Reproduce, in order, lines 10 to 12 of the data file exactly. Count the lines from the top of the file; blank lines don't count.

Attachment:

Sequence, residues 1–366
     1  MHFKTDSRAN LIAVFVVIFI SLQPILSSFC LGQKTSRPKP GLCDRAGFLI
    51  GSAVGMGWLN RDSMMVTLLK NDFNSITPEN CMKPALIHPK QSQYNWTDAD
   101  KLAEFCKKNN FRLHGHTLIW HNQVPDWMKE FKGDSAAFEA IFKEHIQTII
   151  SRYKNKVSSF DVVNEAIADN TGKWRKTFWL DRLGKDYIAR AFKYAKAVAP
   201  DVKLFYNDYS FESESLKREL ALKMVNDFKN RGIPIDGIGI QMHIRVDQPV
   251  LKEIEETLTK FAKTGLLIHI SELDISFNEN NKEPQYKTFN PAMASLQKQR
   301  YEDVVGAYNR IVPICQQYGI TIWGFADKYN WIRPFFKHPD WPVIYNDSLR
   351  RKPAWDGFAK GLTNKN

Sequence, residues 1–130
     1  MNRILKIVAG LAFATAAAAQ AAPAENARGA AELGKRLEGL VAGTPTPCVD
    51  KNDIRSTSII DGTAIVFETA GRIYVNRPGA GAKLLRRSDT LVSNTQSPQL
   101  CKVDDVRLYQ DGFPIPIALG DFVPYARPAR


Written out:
Sequence, residues 1–130
     1  MNRILKIVAG LAFATAAAAQ AAPAENARGA AELGKRLEGL VAGTPTPCVD
    51  KNDIRSTSII DGTAIVFETA GRIYVNRPGA GAKLLRRSDT LVSNTQSPQL